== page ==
Mogwai – ZEROZEROZERO – Album Review

Mogwai ZeroZeroZero music review

Mogwai – ZEROZEROZERO – Album Review

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Recently I jumped on my podcast and talked about how I truly believe there are some bands that won’t necessarily grab you straight away. Many things can play a part. The timing might not be right. You might not be in the right headspace. You could be too young or worse – you could be too old. You may need to work your way up to that band before you’ll truly appreciate that band. Up until recently, Mogwai has been that band for me.

I first came across Mogwai when a chance viewing of a concert performance by Isis (the band, not the terrorise organisation) showed the lead singer/guitarist sporting a Mogwai tshirt. I loved Isis in my early twenties and they seemed like the natural progression for a kid who spent most of his teenage years listening to Tool on repeat. I thought back then I had the mental capacity and the patience for Mogwai – this wasn’t the case.

Fast forward to mid 2020, we’re all in lockdown and turning to our phones for a welcome distraction, some respite and maybe even some inspiration. Thanks in part to Spotify and my recent post-rock phase I was reliving, Mogwai’s latest release ZEROZEROZERO came into my headlights. It was time to revisit the post-rock lunacy og those crazed Scots. 

ZEROZEROZERO hits you with a sombre and eerie piano line that evokes an air of unease in opening track “Visit Me.” A beauty left unattended to in the wilds of this moody soundtrack. Like a growing weed burrowing deep below the earth, every second of ZEROZEROZERO begins to feed off each other. With tracks like “Chicken Guns” and “Nose Pints” we’re left at the mercy of a steady and well paced assailant getting closer and closer to its victim. While the feedback heavy renaissance of “Invisible Frequences” creates a steady half way point for the listener to catch a breath.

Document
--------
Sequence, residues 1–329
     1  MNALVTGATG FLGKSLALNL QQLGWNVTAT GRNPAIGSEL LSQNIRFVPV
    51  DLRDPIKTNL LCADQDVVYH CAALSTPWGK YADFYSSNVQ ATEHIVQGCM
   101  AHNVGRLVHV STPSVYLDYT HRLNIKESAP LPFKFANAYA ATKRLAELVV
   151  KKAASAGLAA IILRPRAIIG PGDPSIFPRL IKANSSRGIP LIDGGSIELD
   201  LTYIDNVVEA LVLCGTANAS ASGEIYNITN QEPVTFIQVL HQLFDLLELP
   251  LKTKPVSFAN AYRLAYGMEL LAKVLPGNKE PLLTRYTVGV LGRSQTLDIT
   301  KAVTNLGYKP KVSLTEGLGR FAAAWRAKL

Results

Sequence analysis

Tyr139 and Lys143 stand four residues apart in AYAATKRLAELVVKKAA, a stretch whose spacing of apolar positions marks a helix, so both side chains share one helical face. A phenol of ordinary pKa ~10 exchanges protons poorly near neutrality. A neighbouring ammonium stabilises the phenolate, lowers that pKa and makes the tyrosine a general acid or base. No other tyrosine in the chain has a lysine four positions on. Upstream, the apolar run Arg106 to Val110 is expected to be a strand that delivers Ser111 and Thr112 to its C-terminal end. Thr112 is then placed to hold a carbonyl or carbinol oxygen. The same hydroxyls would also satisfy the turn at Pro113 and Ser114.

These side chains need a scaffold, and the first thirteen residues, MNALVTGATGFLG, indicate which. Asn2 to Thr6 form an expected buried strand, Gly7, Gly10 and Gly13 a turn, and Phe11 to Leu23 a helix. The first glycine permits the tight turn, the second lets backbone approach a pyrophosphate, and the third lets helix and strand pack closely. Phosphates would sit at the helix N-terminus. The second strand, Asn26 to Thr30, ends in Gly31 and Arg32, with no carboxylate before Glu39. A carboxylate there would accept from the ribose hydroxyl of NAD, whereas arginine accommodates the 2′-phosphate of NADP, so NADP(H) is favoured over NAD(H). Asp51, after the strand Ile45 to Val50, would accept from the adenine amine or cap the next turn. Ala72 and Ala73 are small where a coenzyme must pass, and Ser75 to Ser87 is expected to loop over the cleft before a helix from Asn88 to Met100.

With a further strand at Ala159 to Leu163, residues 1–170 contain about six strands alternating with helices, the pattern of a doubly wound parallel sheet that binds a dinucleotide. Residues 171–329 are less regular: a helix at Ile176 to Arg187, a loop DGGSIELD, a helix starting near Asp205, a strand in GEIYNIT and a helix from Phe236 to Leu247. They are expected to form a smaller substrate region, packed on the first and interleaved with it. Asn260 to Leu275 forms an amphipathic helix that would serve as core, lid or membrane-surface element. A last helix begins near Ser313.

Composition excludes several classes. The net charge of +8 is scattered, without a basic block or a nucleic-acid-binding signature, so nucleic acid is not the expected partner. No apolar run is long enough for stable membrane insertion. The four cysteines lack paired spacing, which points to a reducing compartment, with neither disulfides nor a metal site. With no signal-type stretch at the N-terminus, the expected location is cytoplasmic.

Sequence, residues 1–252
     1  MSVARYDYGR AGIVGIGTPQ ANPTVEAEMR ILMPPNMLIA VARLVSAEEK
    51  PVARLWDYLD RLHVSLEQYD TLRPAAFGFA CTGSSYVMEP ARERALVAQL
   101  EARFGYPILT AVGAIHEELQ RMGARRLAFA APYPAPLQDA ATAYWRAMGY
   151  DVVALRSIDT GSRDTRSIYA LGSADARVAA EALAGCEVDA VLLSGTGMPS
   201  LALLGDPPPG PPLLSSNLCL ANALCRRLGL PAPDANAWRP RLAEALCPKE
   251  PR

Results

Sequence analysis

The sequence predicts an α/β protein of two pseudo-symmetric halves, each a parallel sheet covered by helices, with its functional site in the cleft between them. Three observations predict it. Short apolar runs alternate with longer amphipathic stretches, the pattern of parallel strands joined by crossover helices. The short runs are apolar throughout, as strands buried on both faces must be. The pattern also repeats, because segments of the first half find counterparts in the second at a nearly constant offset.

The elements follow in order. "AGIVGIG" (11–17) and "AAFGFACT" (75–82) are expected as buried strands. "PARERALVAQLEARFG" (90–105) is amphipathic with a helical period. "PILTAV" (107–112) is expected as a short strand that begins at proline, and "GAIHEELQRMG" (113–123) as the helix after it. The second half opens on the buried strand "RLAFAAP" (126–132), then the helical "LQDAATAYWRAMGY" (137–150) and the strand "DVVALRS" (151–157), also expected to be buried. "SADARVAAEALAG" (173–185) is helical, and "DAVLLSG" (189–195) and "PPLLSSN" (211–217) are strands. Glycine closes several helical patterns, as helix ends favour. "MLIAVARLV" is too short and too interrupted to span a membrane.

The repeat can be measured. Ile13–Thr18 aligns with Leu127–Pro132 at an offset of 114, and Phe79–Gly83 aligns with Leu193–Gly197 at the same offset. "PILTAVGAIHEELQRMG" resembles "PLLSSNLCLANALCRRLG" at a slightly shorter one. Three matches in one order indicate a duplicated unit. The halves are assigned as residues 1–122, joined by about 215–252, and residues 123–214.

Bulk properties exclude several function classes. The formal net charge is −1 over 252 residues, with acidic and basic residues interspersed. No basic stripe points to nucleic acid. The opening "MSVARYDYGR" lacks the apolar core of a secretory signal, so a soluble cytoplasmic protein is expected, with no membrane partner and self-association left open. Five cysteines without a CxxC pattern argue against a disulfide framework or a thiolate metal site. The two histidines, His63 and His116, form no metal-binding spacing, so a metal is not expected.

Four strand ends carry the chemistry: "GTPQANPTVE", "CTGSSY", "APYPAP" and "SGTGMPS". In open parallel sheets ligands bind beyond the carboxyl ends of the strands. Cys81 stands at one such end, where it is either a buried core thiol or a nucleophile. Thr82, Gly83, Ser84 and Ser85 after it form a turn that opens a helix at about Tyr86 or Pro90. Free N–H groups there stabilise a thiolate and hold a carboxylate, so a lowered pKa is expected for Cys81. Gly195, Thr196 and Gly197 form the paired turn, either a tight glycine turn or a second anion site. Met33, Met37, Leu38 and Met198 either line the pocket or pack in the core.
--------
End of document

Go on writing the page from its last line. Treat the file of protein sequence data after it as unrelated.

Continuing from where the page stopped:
The standout track of ZEROZEROZERO is “Moon in Reverse.” A quiet dark acid jazz triumph that breathes through and elevates ZEROZEROZERO to new heights. With its juxtaposition of that very organic drum sound to the soaring synth that drives it home at the track’s end.

If you get the feeling of dark, foreboding drama then you’re feeling the right emotions. ZeroZeroZero was initially written by the band for an Italian crime drama television series on the book of the same name by Roberto Saviano. While I’m not an expert on Italian drama, I would consider myself an expert on this album after 43 listens to it and I refuse to stop there.

ZeroZeroZero takes you to the deepest murky depths of the human psyche that an album can and lifts you back to the sombre reality that life can and will get better. Its a perfect soundtrack to plague year given the tone, tempo and timing of its release.

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